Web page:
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Is Tourism Displacing Tanzania’s Maasai?

Thanks in large part to their residences near many famed game parks, the Maasai are among the best known local populations in central and southern Kenya and northern Tanzania.

By some accounts, the tribe has inhabited the region since about the 15th century.

But now, according to a report from the Oakland Institute, a U.S.-based think tank, tens of thousands of Tanzania’s ethnic Maasai are homeless because the government has burned their houses in order to keep the savannah open for tourism.

What’s more, villagers in northern Tanzania’s Loliondo area, near the Ngorongoro Crater, have been evicted during the past year and denied access to key grazing and watering holes.

The report, “Losing the Serengeti: The Maasai Land that was to Run Forever” is based on field research, never publicly-seen-before documents and an in-depth investigation into Tanzania’s land laws.

All of the research revealed complicity between Tanzanian government officials and foreign companies that are using conservation laws to dispossess the Maasai, driving them into smaller and smaller areas and creating a stifling map of confinement.

The report specifically exposes what it describes as the devastating impact of two foreign companies on the lives and livelihoods of the Maasai villagers in the Loliondo area of the Ngorongoro District—Tanzania Conservation Ltd (TCL), a safari business operated by the owners of Boston-based high-end safari outfitter Thomson Safaris; and the United Arab Emirates (UAE)-based Ortello Business Corporation (OBC), which runs hunting excursions for the country’s royal family and their guests.

“According to local villagers, TCL has made their lives impossible by denying them access to water and land and cooperating with local police who have beaten and arrested the Maasai,” states the report. “Meanwhile, for 25 years, the OBC had an exclusive hunting license, during which time there were several violent evictions of the Maasai, many homes were burnt, and thousands of rare animals were killed.”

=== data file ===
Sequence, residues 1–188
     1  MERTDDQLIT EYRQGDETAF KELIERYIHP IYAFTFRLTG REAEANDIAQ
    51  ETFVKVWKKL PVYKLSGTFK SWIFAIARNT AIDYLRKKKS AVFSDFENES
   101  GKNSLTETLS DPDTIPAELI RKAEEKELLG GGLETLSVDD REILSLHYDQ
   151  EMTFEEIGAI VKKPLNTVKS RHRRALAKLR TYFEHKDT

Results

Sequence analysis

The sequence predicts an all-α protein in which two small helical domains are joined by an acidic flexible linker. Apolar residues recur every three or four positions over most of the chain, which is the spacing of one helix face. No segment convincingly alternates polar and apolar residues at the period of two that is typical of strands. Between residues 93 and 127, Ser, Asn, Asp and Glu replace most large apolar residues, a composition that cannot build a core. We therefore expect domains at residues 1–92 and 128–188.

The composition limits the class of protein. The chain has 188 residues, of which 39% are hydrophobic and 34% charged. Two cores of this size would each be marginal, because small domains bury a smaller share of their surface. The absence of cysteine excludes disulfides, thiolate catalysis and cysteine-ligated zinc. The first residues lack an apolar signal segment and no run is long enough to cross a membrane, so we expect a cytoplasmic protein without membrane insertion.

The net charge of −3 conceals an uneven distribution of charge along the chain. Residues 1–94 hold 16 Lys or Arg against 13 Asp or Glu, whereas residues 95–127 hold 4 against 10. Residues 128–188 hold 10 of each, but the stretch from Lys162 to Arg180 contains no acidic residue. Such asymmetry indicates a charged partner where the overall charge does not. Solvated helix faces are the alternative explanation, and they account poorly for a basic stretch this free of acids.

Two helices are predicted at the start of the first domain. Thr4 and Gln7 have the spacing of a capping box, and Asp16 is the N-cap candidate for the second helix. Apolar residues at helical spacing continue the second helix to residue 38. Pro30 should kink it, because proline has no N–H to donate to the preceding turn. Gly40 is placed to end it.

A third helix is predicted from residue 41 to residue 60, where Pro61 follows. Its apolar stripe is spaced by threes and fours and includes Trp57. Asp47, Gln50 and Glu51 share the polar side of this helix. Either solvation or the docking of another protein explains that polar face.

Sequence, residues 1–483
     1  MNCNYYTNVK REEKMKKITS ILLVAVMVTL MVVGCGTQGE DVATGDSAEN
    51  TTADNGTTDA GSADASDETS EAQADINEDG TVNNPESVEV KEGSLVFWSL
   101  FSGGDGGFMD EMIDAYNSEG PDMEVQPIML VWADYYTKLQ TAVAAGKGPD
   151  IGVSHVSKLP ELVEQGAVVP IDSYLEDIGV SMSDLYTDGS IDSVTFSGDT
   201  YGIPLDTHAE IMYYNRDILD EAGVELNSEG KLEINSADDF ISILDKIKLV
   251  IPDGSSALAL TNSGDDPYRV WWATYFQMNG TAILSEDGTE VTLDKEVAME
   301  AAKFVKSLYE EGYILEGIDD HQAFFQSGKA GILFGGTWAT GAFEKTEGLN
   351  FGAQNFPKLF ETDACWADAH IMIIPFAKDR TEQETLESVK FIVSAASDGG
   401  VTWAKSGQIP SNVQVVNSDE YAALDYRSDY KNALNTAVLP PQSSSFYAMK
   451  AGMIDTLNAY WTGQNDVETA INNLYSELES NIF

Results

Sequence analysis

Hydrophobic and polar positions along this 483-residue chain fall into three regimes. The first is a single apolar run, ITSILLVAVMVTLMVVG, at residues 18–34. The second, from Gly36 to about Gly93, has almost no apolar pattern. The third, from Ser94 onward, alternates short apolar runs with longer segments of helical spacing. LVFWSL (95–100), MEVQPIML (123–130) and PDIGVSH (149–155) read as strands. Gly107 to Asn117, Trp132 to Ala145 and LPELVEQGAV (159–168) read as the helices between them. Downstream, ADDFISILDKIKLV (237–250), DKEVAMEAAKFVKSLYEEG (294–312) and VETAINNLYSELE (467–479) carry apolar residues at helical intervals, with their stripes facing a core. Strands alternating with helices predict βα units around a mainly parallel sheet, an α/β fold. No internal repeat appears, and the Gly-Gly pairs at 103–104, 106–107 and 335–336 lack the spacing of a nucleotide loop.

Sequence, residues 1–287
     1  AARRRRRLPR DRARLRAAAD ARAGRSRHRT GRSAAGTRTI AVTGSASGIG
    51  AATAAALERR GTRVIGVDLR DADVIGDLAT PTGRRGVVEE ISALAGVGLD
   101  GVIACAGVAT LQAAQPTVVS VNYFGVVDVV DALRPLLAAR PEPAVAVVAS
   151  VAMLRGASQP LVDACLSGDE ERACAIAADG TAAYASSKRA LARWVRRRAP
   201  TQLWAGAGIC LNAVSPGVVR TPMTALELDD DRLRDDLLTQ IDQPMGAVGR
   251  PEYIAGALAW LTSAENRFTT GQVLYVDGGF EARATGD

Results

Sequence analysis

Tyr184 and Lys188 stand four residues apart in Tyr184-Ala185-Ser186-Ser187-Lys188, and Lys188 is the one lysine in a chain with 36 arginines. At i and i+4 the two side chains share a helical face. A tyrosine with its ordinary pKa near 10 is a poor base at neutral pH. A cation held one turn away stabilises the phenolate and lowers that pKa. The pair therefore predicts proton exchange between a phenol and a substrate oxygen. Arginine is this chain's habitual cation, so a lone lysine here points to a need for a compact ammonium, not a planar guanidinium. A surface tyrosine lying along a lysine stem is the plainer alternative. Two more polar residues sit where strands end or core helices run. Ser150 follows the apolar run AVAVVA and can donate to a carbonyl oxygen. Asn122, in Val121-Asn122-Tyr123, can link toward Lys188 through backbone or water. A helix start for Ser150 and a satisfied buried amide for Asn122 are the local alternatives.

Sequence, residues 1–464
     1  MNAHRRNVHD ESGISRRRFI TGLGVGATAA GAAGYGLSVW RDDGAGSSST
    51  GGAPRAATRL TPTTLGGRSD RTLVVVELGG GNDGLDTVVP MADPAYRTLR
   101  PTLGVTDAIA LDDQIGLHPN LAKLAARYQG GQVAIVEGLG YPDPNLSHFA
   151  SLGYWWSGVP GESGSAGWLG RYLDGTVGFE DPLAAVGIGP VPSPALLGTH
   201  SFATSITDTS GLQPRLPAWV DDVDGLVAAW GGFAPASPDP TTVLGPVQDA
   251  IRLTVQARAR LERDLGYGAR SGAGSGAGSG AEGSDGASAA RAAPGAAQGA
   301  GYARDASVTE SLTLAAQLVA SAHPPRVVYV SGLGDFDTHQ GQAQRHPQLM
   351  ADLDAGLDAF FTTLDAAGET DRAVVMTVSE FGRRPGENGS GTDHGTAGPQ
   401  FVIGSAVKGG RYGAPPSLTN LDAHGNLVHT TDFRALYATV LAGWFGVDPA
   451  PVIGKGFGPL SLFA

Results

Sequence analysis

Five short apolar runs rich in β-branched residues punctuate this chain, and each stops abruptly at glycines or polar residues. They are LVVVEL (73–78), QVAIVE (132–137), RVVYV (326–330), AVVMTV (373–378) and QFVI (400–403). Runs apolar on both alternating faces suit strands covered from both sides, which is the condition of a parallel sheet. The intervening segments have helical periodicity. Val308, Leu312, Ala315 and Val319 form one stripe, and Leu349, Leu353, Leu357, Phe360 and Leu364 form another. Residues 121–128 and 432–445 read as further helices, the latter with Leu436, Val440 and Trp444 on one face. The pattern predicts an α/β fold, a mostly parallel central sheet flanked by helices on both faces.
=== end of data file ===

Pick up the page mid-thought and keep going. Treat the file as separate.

Young Maasai herders have become so afraid of authorities that they “flee when they see a vehicle approach,” thinking it might carry representatives of foreign safari companies, the report said.

According to the Associated Press, concern for the Maasai is being raised at home and abroad by such organizations as Minority Rights Group International and Survival International, which has warned that the alleged land grabs “could spell the end of the Maasai.”

“As tourism becomes one of the fastest-growing sectors within the Tanzanian economy, safari and game park schemes are wreaking havoc on the lives and livelihoods of the Maasai,” Oakland Institute’s Anuradha Mittal told Associated Press. “But this is not just about a specific company – it is a reality that is all too familiar to indigenous communities around the world.”

Although Tanzania’s Ministry of Natural Resources canceled OBC’s license last year, the OBC remains active in the area, and the local villagers continue to live in fear.

The Maasai are cattle herders who need land to graze their animals and maintain their pastoralist lifestyle. They often do so on land bordering Tanzania’s famous Serengeti National Park, an area that is a wildlife corridor popular with tourists.

Because the east African nation’s government relies so heavily on tourism to fund its budget, it has prioritized safari group needs over those of indigenous communities.

“The government has been reviewing boundaries and subsequently evicting communities in the name of conservation,” Hellen Kijo-Bisimba, head of the Tanzania Legal and Human Rights Centre told The Associated Press. “In my understanding, the conservation should have been made to benefit people, and if people are affected then it calls for worries. The Maasai community (is) indeed suffering.”

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